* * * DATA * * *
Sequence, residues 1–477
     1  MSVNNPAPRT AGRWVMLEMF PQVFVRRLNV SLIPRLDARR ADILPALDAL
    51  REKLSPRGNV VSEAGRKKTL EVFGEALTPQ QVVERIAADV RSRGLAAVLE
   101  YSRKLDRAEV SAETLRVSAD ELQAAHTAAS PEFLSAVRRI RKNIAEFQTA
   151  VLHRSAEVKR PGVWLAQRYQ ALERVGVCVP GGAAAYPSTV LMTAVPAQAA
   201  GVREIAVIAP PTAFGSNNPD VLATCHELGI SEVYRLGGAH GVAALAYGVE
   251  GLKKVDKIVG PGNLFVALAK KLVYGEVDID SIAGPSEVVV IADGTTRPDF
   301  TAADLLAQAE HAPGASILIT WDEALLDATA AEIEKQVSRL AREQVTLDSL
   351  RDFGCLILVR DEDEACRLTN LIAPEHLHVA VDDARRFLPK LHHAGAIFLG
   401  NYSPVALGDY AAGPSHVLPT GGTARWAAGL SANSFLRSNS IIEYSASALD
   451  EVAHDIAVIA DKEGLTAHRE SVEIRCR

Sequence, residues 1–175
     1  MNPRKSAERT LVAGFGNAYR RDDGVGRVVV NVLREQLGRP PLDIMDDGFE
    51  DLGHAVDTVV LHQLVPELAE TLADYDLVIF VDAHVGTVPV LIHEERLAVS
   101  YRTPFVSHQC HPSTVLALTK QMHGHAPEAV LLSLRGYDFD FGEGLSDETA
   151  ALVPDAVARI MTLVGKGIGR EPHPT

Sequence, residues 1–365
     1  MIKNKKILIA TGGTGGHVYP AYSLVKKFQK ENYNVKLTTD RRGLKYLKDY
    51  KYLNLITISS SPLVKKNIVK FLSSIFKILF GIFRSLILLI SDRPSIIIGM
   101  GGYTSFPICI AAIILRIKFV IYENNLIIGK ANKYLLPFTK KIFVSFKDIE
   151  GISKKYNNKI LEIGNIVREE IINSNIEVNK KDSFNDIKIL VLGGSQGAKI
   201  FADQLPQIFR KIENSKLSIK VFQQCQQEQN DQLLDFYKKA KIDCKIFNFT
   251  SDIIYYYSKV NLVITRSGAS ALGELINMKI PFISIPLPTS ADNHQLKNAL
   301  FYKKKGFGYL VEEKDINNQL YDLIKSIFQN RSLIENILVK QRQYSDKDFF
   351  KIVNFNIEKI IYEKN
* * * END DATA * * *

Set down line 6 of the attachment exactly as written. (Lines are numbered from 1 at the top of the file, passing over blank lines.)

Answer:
   201  GVREIAVIAP PTAFGSNNPD VLATCHELGI SEVYRLGGAH GVAALAYGVE